Clinical relevance of KRAS mutation detection in metastatic colorectal cancer treated by... Clinical Studies British Journal of Cancer (2007) 96, 1166 – 1169 & 2007 Cancer Research UK All rights reserved 0007 – 0920/07 $30.00 www.bjcancer.com Clinical relevance of KRAS mutation detection in metastatic colorectal cancer treated by Cetuximab plus chemotherapy ,1 3 2 2,3 3 4 5 2 F Di Fiore , F Blanchard , F Charbonnier , F Le Pessot , A Lamy , MP Galais , L Bastit , A Killian , 2 2,6 7 1 2,3 2,6 1 2 R Sesbou¨e´ , JJ Tuech , AM Queuniet , B Paillot , JC Sabourin , F Michot , P Michel and T Frebourg Digestive Oncology Unit, Department of Hepato-Gastroenterology, Rouen University Hospital, Northwest Canceropole, France and Inserm U614, Faculty 2 3 of Medicine, Northwest Canceropole, Rouen, France; Inserm U614, Faculty of Medicine, Northwest Canceropole, Rouen, France; Department of Pathology, Rouen University Hospital, Northwest Canceropole, France; Digestive Oncology Unit, Department of Hepato-Gastroenterology, Caen University Hospital and Francois Baclesse Centre, Caen, Northwest Canceropole, France; Oncology Unit, St Hilaire Medical Centre, Rouen, France; 6 7 Department of Surgery, Rouen University Hospital, Northwest Canceropole, France; Digestive Oncology Unit, Department of Hepato-Gastroenterology, Elbeuf Hospital, France The predictive value of KRAS mutation in metastatic colorectal cancer (MCRC) patients treated with cetuximab plus chemotherapy has recently been suggested. In our study, 59 patients with a chemotherapy-refractory MCRC treated with cetuximab plus chemotherapy were included and clinical response was evaluated according to response evaluation criteria in solid tumours (RECIST). Tumours were screened for KRAS mutations using first direct sequencing, then two sensitive methods based on SNaPshot and PCR- ligase chain reaction (LCR) assays. Clinical response was evaluated according to gene mutations using the Fisher exact test. Times to progression (TTP) were calculated using the Kaplan–Meier method and compared with log-rank test. A KRAS mutation was detected in 22 out of 59 tumours and, in six cases, was missed by sequencing analysis but detected using the SNaPshot and PCR-LCR assays. Remarkably, no KRAS mutation was found in the 12 patients with clinical response. KRAS mutation was associated with disease progression (P ¼ 0.0005) and TTP was significantly decreased in mutated KRAS patients (3 vs 5.5 months, P ¼ 0.015). Our study confirms that KRAS mutation is highly predictive of a non-response to cetuximab plus chemotherapy in MCRC and highlights the need to use sensitive molecular methods, such as SNaPshot or PCR-LCR assays, to ensure an efficient mutation detection. British Journal of Cancer (2007) 96, 1166–1169. doi:10.1038/sj.bjc.6603685 www.bjcancer.com Published online 20 March 2007 & 2007 Cancer Research UK Keywords: colorectal cancer; EGFR; KRAS; molecular markers; mutation Colorectal cancer is one of the most common tumours and a major in MCRC. The first study, performed in 31 MCRC patients, showed cause of cancer death worldwide. The median overall survival of that an EGFR gene copy number increase was associated with a patients with a metastatic colorectal cancer (MCRC) has increased clinical response to anti-EGFR agents and that mutation of KRAS, from 12 months to approximately 20 months in the past decade downstream of EGF signaling, did not correlate with treatment (Douillard et al, 2003; Meyerhardt and Mayer, 2005; Saunders and sensitivity (Moroni et al, 2005). In contrast, the second study Iveson, 2006). This dramatic improvement was mainly due to the including 30 MCRC patients reported that KRAS mutation was introduction of both active new chemotherapeutic agents and highly predictive of tumour resistance to cetuximab (Lievre et al, novel targeted drugs. The rationale of targeted therapies is to 2006). inhibit biological pathways and key molecules involved in tumour The aim of the present study was to determine the clinical growth and progression. In CRC, the novel therapies that are relevance of KRAS mutation detection in MCRC patients treated currently used target the vascular endothelial growth factor and with cetuximab. epidermal growth factor (EGF) signaling pathways (Kabbinavar et al, 2003; Hurwitz et al, 2004; Saltz et al, 2004). The variability of the MCRC clinical response to anti-EGFR agents has highlighted MATERIALS AND METHODS the urgent need to identify reliable markers with a predictive value Patients to select the appropriate patients who can benefit from these treatments. Essential in this context are two recent studies (Moroni s Patients with an MCRC treated with cetuximab (Erbitux , Merck, et al, 2005; Lievre et al, 2006) reporting the characterization of Lyon, France) between April 2004 and December 2005 and for molecular markers predictive of anti-EGFR antibodies sensitivity whom tumour DNA was available were included. All patients had previously received at least one chemotherapy regimen for MCRC. *Correspondence: Dr F Di Fiore; E-mail: frederic.di-fiore@chu-rouen.fr Cetuximab regimen was associated either with irinotecan or with Received 23 October 2006; revised 19 February 2007; accepted 19 oxaliplatin. Tumour response was evaluated according to the February 2007; published online 20 March 2007 response evaluation criteria in solid tumours (Therasse et al, KRAS mutational status and clinical response to cetuximab F Di Fiore et al 0 0 2000). Patient’s tumour response to cetuximab was classified as specific upstream primer 5 -TTGTGGTAGTTGGAGCTGA-3 (c.35 0 0 complete response (CR), partial response (PR), stable disease (SD) G4A; p.G12D), or 5 -GTTGTGGTAGTTGGAGCTGC-3 (c.35 0 0 or progressive disease (PD). G4C; p.G12A), or 5 -TTGTGGTAGTTGGAGCTGT-3 (c.35G4T; p.G12V) and the common downstream primer 5 -TGGCGTAGGC AAGAGTGCC-3 ; the c.38 nucleotide using the specific upstream DNA extraction 0 0 primer 5 -TGGTAGTTGGAGCTGGTGA-3 (c.38 G4A; p.G13D) 0 0 DNA was extracted from paraffin-embedded tumour tissue and the downstream primer 5 -CGTAGGCAAGAGTGCCTTGAC-3 . samples using the DNA extraction kits from Takara (Madison, Upstream primers contain at their 5 end the M13F additional 0 0 WI, USA) or Ambion (Huntingdon, Cambridgeshire, UK), sequence (5 -ACTGTAAAACGACGGCCAGTGT-3 ) and down- according to the manufacturer’s instructions. Among the 59 stream primers at their 3 end the M13R additional sequence 0 0 patients analysed, DNA was extracted from the primary tumour (5 -TGGTCATAGCTGTTTCCTGCA-3 ). Upstream primers were 0 0 in 53 cases and from metastases in the six remaining cases. 5 -6FAM labelled and the downstream primers were 5 phosphory- lated. Ligase chain reaction reactions were performed in a final volume of 12.5ml containing 2 U of Pfu DNA ligase (Stratagene, la Sequencing analysis Jolla, CA, USA), and 1.25mM of each primer. After denaturation at KRAS exon 2 was PCR-amplified from tumour DNA using the 951C for 20 s, 40 two-steps cycles of 941C for 10 s alternating with following sense and antisense primers: 5 -AAGGCCTGCTGAAAA 651C for 2 min were performed. Ligation products were analysed 0 0 0 TGACTG-3 and 5 -CAAAGAATGGTCCTGCACCAG-3 . After on an ABI Prism 3100 DNA sequencer and the Gene Scan V3.7.1 purification using the gel extraction kit from Qiagen (Courtaboeuf, (Applied Biosystems). For each sample analysed, PCR-LCR was France), PCR products were sequenced using the Big Dye V3.1 performed twice. Terminator Kit (Applied Biosystems, Foster City, CA, USA) and an ABI Prism 377 or 3100 DNA sequencer (Applied Biosystems). Statistical analysis Considering the presence of non malignant cells in tumour samples, the presence of an heterozygous KRAS mutation in the Response to treatment according the mutational status was tumour was defined as the appearance of a mutant peak with an evaluated using the Fisher exact test. Patients with CR or PR or height of at least one-third of that of the wild type. All sequencing SD were considered as patients with controlled disease (CD). A analyses were performed at least twice on two independent PCRs. P-value equal or o0.05 was considered to indicate statistical significance. The time to progression (TTP) was calculated as the period from the beginning of treatment to the first SNaPshot multiplex assay observation of disease progression or to death. The TTP were After purification using gel extraction kit, PCR-amplified KRAS estimated using the Kaplan–Meier method and compared with exon 2 was analysed for the presence of KRAS mutations at the log-rank test. nucleotides c.34, c.35, c.37 and c.38, using the ABI PRISM SNaPshot Multiplex kit (Applied Biosystems, Foster City, CA, RESULTS USA) and four primers including at their 5 end, an additional tail allowing their simultaneous detection. The sequences of the sense A total of 59 patients were assessed in the present study. primers allowing the extension at nucleotides c.34, c.35, c.37 and After 3 months of treatment, 31 patients (52.5%) had a CD, 12 0 0 0 c.38 were, respectively, 5 -AACTTGTGGTAGTTGGAGCT-3 ,5 -N patients (20.3%) had a CR or PR (2 and 10 patients, respectively) 0 0 ACTTGTGGTAGTTGGAGCTG-3,5 -N TTGTGGTAGTTGGAG and 19 (32.2%) had an SD. The TTP in patients with CD was 6 0 0 0 CTGGT-3 and 5 -N TGTGGTAGTTGGAGCTGGTG-3 (N months, as compared to 3 months, in patients with PD indicating the additional nucleotides). The multiplex SNaPshot (Po0.0001). reaction was performed in a final volume of 10ml, containing one- fifth of the PCR reaction, 2.5ml of the SNaPshot Multiplex Ready Reaction Mix, 1ml of sequencing buffer from the Big Dye V3.1 KRAS mutation and response to treatment with cetuximab Terminator Kit and SNaPshot primers at a concentration of 0.02– plus chemotherapy 0.05mM. Cycling conditions were 25 cycles of rapid thermal ramp We detected a KRAS mutation by sequencing analysis of DNA to 961C, 961C for 10 s; rapid thermal ramp to 501C, 501C for 5 s; extracted from tumour sample in 16 out of 59 (27%) patients and rapid thermal ramp to 601C and 601C for 30 s. SNaPshot (Table 1). Among the 16 patients harbouring a somatic KRAS products were then treated 1 h at 371C with 3 U of shrimp alkaline mutation, 13 had a PD and three had an SD. Remarkably, no KRAS phosphatase (Amersham Biosciences/GE Healthcare Europe mutation was found in the 12 patients with CR or PR. Considering GmbH, Saclay, France). After heat inactivation of the alkaline that the genetic heterogeneity of tumours may hamper the phosphatase 15 min at 751C, labelled products were separated using a 25 min run on an ABI Prism 3130 DNA sequencer and data were analysed using the GeneMapper Analysis Software version 4.0 (Applied Biosystems). Table 1 KRAS mutations and response status to cetuximab-based chemotherapy in 59 MCRC patients PCR-LCR KRAS exon 2 was PCR-amplified using the sense primer 5 - Controlled disease AAGGTACTGGTGGAGTATTTGATAGTG-3 and the antisense 0 0 Complete Partial Stable Progressive primer 5 -TGTTGGATCATATTCGTCCACAAAA-3 . Ligase chain reaction (LCR) was then performed, as described by Shi et al response response disease disease (2004), on PCR-amplified exon 2 of KRAS, after purification using KRAS mutation the Qiagen gel extraction kit. The c.34 nucleotide was explored 0 Present 0 0 3 (5) 13 (17) using the specific upstream primer 5 -AACTTGTGGTAGTTGGA Absent 2 (2) 10 (10) 16 (14) 15 (11) 0 0 GATA-3 (c.34 G4A, p.G12S), or 5 -ACTTGTGGTAGTTGGAG ATT-3 (c.34 G4T, p.G12C) and the common downstream primer Numbers in brackets correspond to the corrected numbers of patients when 0 0 sequencing analysis was completed by SNaPshot and PCR – LCR assays. 5 -GTGGCGTAGGCAAGAGTGC-3 ; the c.35 nucleotide using the & 2007 Cancer Research UK British Journal of Cancer (2007) 96(8), 1166 – 1169 Clinical Studies Clinical Studies KRAS mutational status and clinical response to cetuximab F Di Fiore et al relationship between KRAS status and sensitivity to anti-EGFR AB c.34G monoclonal antibodies had not been found previously by Moroni et al (2005) in a series of 31 patients. This discrepancy might c.35G probably be explained, at least in part, by the limited number of c.37G c.38G patients in these latter series. Direct sequencing allowed us to detect a KRAS mutation in 16 out of 59 patients (27%) with MCRC, c.35T and among the 43 patients without detectable KRAS mutations, Control DNA 15 presented a PD. We hypothesized that we missed some KRAS c.35 mutations by direct sequencing of tumour DNA, since malignant tumours are genetically heterogeneous. Furthermore, it is im- portant to highlight that our study was based on paraffin- embedded tumours from which it is more difficult to obtain c.35C high-quality DNA. Using two independent sensitive methods, respectively, based on SNaPshot and PCR-LCR assays specifically Tumour 12292 designed to detect KRAS mutation, we detected additional c.35T mutations in two patients with SD, four with PD but none in 11 with CR/PR. This demonstrates the need to use highly sensitive molecular techniques to ensure detection in tumours of mutations Figure 1 Detection by SNaPShot and PCR-LCR assays of KRAS conferring resistance to treatments. Considering the heterogeneity mutations not detected by direct sequencing. Direct sequencing of KRAS of tumour cells, sampling tissue is particularly important. We exon 2 from control DNA and tumour 12292. The black arrow indicates determined using SnaPshot assay the KRAS status in two to three the nucleotide c.35 (A). SNaPShot detection of the c.35G4T (p.G12V) different areas of three tumours including two with KRAS mutation in tumour 12292. Each peak corresponds to a specific extended mutation. These analyses showed that the results did not differ primer. The red arrows indicates the peak specific of the c.35G4T according to the site of the analysis. The absence of KRAS mutation (B). PCR-LCR analysis of tumour 12292, using a dye-labelled mutation in 11 out of 28 patients with PD in our series is probably primer specific for the mutant c.35G4C (p.G12A) or c.35G4T (p.G12V) KRAS allele. The arrow indicates the peak specific of the c.35G4T explained by the fact that KRAS mutation is not the only genetic mutation (C). Note that the c.35G4T mutation detected by both the alteration conferring resistance to anti-EGFR antibodies. Indeed SNaPShot and PCR-LCR assays cannot be clearly detected by sequencing somatic alterations hitting other downstream effectors of the EGFR analysis alone. transduction cascade, such as RAF, MEK or ERK, may have a similar effect. In conclusion, these results should prompt further studies on larger MCRC series to definitely establish the clinical relevance detection by direct sequencing of heterozygous mutations present of KRAS mutation detection in anti-EGFR antibodies based on in a small fraction of tumour cells, we screened the tumours chemotherapy. They also highlight the need to use sensitive without detectable KRAS mutations, using two sensitive methods molecular methods to detect mutations conferring resistance and able to detect specifically KRAS exon 2 mutations. We developed a the two assays presented in this study should facilitate the multiplex SNaPshot assay based on primer extension able to detect detection of KRAS mutations in CRC, on a routine basis. A major simultaneously in a single tube the different KRAS mutations and a criticism that should be made to all studies on predictive markers fluorescent PCR-LCR assay. These two analyses were performed of clinical response to anti-EGFR agents in MCRC, including ours, in 11 out of 12 CR/PR patients, in 15 out of 16 patients with SD and is that the clinical response is evaluated on the metastatic disease in the 15 PD patients, in whom direct sequencing from tumour whereas the presence of the molecular marker is assessed from the DNA had revealed no mutation. Five additional KRAS mutations primary tumour. In the present study we had the opportunity to were detected by both methods (Figure 1) and one mutation was compare the KRAS mutational status between primary tumour and detected only by PCR-LCR assay. These six additional mutations metastases in five patients whom samples were available. In these were found in two SD and four PD patients (Table 1). SNaPshot five patients, SnaPshot assay had indicated that a KRAS mutation and PCR-LCR assays confirmed the absence of KRAS mutations in was present in one case and absent in the remaining five cases. For the CR/PR patients. In this series of 59 MCRC, sequencing analysis these five patients, analysis of the corresponding metastatic site completed by SNaPshot multiplex and PCR-LCR assays led, showed that the KRAS mutation status was identical between the therefore, to the detection of a KRAS mutation in 22 samples primary tumour and metastases. Considering the genetic evolution (37%). The presence of KRAS mutation was in this series of metastases compared to primary tumour, we think nevertheless significantly associated with PD (P ¼ 0.0005). The predictive value that it will be important in the future to screen directly metastases of KRAS mutation for PD could be estimated to 77.2%, and the for the presence of alterations conferring either sensitivity or sensitivity and specificity of KRAS mutation for progression to resistance to these targeted therapies. treatment (CD vs PD) to 60.7 and 83.8%, respectively. The TTP was significantly decreased in patients harbouring KRAS mutation as compared to those without detectable mutation (3 vs 5.5 months, P ¼ 0.015). ACKNOWLEDGEMENTS We are indebted to Dr Scott, Dr De Puyfontaine, Dr Lafay, Dr DISCUSSION Jacob, Dr Elfadel, Dr Chasle, Dr Arsene, Dr Rousselot, Dr Piot, This study performed on 59 MCRC patients confirms that the Dr Damour, Dr Moran, Dr Bokanowski, Dr Ducastelle, Dr Anger, presence of KRAS mutation in tumour is highly predictive of a Dr Paoletti, Dr Petit, Dr Gallet, Dr El Amarti, Dr Patrier, Dr non-response to treatment based on cetuximab plus chemo- Roquet, Dr Albin, Dr Lepille, Dr Bonnafous, Dr Barhoum, Dr therapy, as shown previously in a series of 30 patients (Lievre Toulemonde, Dr Gomez, Dr Randrianarivelo, Dr Demmane and et al, 2006). It is important to highlight that, in our series, the Ms Delannoy for providing clinical information, and also Professor proportions of CR/PR, SD and PD patients were 20.3, 32.2 and Mario Tosi for critical review of the paper. This work was 47.5%, respectively, and this distribution is similar to that reported supported by a grant from the French National Institute of Cancer in the randomised cetuximab trial (Cunningham et al, 2004). The (INCA) to the North-West Canceropole. British Journal of Cancer (2007) 96(8), 1166 – 1169 & 2007 Cancer Research UK KRAS mutational status and clinical response to cetuximab F Di Fiore et al REFERENCES Cunningham D, Humblet Y, Siena S, Khayat D, Bleiberg H, Santoro A, Bets Meyerhardt JA, Mayer RJ (2005) Systemic therapy for colorectal cancer. D, Mueser M, Harstrick A, Verslype C, Chau I, Van Cutsem E (2004) N Engl J Med 352: 476–487 Cetuximab monotherapy and cetuximab plus irinotecan in irinotecan- Moroni M, Veronese S, Benvenuti S, Artale S, Bardelli A, Siena S (2005) refractory metastatic colorectal cancer. N Engl J Med 351: 337–345 Gene copy number for epidermal growth factor receptor (EGFR) and Douillard JY, Sobrero A, Carnaghi C, Comella P, Diaz-Rubio E, Santoro A, clinical response to antiEGFR treatment in colorectal cancer: a cohort Van Cutsem E (2003) Metastatic colorectal cancer: integrating irinotecan study. Lancet Oncol 6: 279–286 into combination and sequential chemotherapy. Ann Oncol 14(Suppl 2): Saltz LB, Meropol NJ, Loehrer PJ, Needle MN, Kopit J, Mayer RJ (2004) ii7 –ii12 Phase II trial of cetuximab in patients with refractory colorectal cancer Hurwitz H, Fehrenbacher I, Novotny W, Cartwright T, Hainsworth J, Heim that expresses the epidermal growth factor receptor. J Clin Oncol 22: W, Berlin J, Baron A, Griffing S, Holmgren E, Ferrara N, Fyfe G, Rogers 1201– 1208 B, Ross R, Kabbinavar F (2004) Bevacizumab plus irinotecan, Saunders M, Iveson T (2006) Management of advanced colorectal cancer: fluorouracil, and leucovorin for metastatic colorectal cancer. N Engl J state of the art. Br J Cancer 95: 131–138 Med 350: 2335–2342 Shi C, Eshleman SH, Jones D, Fukushima N, Hua L, Parker AR, Yeo CJ, Kabbinavar F, Hurwitz HI, Fehrenbacher I, Meropol NJ, Novotny WF, Hruban RH, Goggins MG, Eshleman JR (2004) LigAmp for sensitive Lieberman G, Griffing S, Bergsland E (2003) Phase II, randomized trial detection of single-nucleotide differences. Nat Methods 1: 141–147 comparing bevacizumab plus fluorouracil (FU)/leucovorin (LV) with FU/ Therasse P, Arbuck SG, Eisenhauer EA, Wanders J, Kaplan RS, LV alone in patients with metastatic colorectal cancer. J Clin Oncol 21: Rubinstein L, Veirweij J, Van Glabbeke M, van Oosterom AT, 60–65 Christian MC, Gwyther SG (2000) New guidelines to evaluate the Lievre A, Bachet JB, Le Corre D, Boige V, Landi B, Emile JF, Cote JF, response to treatment in solid tumours: European Organization for Tomasic G, Penna C, Ducreux M, Rougier P, Penault-Llorca F, Laurent- Research and Treatment of Cancer, National Cancer Institute of the Puig P (2006) KRAS mutation status is predictive of response to United States, National Cancer Institute of Canada. J Natl Cancer Inst 92: cetuximab therapy in colorectal cancer. Cancer Res 66: 3992 –3995 205–216 & 2007 Cancer Research UK British Journal of Cancer (2007) 96(8), 1166 – 1169 Clinical Studies http://www.deepdyve.com/assets/images/DeepDyve-Logo-lg.png British Journal of Cancer Springer Journals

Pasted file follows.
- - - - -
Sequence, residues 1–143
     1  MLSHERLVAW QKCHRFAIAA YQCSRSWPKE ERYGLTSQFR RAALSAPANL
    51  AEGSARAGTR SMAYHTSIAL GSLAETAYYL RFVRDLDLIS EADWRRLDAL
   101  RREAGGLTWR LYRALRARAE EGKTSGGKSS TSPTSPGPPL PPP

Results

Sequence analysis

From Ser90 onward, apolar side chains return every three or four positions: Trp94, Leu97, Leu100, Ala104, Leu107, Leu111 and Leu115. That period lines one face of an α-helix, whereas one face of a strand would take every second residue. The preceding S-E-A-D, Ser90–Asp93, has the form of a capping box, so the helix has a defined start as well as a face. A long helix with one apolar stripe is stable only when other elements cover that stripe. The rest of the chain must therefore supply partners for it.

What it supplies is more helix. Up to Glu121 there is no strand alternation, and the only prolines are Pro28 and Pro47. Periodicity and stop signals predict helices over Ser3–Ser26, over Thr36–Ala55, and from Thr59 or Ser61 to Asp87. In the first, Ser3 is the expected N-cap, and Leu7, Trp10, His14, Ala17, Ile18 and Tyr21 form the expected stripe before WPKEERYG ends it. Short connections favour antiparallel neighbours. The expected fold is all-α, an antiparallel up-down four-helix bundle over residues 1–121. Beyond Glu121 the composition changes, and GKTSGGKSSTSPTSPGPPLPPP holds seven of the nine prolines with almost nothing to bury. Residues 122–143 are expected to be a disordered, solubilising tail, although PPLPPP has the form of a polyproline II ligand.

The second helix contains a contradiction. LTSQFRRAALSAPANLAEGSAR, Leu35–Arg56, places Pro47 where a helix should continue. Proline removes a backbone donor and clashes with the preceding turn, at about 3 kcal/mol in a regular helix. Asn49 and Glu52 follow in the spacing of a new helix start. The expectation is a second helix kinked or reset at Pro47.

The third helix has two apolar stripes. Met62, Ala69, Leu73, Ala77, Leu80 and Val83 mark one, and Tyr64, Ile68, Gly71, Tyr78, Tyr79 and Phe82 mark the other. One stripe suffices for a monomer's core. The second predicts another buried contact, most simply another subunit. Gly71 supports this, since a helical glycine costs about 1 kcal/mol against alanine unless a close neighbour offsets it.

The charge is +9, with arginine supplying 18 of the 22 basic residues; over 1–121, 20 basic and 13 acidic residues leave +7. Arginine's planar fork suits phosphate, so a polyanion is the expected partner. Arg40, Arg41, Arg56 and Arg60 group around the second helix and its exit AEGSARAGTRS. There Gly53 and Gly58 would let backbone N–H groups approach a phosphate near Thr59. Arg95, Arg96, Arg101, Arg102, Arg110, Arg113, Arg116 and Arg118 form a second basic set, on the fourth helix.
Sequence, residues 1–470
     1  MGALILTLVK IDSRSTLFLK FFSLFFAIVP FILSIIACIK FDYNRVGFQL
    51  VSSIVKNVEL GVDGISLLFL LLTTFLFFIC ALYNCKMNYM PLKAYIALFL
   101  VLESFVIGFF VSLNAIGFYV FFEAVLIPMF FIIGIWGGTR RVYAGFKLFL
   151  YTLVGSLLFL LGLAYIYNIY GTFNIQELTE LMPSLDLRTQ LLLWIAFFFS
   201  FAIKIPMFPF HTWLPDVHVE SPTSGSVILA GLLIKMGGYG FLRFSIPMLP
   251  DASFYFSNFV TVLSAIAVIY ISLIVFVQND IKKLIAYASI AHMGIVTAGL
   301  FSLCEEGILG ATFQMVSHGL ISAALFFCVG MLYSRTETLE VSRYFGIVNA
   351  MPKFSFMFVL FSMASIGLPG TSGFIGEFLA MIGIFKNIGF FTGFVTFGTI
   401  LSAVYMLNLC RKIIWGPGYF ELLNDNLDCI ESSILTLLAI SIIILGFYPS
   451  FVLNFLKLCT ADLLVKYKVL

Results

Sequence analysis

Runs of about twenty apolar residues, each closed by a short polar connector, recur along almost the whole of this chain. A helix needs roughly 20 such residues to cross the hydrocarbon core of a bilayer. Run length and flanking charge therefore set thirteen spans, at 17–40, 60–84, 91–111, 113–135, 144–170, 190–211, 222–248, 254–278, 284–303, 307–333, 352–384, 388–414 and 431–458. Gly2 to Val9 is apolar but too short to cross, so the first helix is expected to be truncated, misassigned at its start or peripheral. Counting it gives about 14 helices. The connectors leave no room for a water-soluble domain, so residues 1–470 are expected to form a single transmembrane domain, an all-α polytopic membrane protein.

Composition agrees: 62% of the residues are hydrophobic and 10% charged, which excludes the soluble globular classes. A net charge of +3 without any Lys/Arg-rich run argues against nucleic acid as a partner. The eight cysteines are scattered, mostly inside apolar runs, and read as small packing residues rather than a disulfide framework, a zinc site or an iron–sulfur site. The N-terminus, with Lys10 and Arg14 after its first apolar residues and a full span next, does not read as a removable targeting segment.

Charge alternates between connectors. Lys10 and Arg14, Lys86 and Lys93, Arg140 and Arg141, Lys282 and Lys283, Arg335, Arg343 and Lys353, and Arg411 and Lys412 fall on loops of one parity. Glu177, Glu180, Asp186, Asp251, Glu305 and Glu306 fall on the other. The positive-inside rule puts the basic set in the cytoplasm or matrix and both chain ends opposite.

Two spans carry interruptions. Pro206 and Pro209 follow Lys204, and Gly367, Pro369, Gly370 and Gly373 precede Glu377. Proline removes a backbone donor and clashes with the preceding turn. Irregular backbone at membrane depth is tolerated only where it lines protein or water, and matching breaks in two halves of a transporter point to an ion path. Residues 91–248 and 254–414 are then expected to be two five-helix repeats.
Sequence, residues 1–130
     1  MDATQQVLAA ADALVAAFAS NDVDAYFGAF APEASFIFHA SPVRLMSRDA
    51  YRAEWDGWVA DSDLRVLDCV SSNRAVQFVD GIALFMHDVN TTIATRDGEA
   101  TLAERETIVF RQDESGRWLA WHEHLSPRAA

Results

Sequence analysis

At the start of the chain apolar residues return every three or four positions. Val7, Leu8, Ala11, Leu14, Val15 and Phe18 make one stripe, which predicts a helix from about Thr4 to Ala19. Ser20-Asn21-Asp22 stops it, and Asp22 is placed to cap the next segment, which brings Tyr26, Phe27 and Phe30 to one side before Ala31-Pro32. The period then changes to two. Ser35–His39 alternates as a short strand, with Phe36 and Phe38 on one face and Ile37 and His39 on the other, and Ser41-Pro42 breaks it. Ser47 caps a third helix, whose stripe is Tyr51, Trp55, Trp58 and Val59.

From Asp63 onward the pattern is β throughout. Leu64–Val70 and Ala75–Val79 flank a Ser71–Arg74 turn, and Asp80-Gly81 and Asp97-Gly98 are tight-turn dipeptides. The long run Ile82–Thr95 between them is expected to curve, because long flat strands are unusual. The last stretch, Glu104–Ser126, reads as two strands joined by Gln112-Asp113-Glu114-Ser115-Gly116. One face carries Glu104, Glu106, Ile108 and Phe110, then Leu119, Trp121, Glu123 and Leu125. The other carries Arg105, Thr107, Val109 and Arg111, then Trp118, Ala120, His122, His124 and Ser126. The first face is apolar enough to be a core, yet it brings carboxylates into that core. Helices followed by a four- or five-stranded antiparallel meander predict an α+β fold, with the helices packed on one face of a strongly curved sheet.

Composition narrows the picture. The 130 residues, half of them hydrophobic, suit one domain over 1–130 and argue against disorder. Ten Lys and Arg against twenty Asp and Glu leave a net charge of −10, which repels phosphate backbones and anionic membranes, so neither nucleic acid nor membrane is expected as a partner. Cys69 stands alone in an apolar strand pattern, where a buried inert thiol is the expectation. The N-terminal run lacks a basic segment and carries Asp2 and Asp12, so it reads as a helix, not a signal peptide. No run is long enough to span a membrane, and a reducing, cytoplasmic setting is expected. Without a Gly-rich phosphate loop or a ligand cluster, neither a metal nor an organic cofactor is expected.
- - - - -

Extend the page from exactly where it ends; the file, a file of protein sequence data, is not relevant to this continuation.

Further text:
Clinical relevance of KRAS mutation detection in metastatic colorectal cancer treated by Cetuximab plus chemotherapy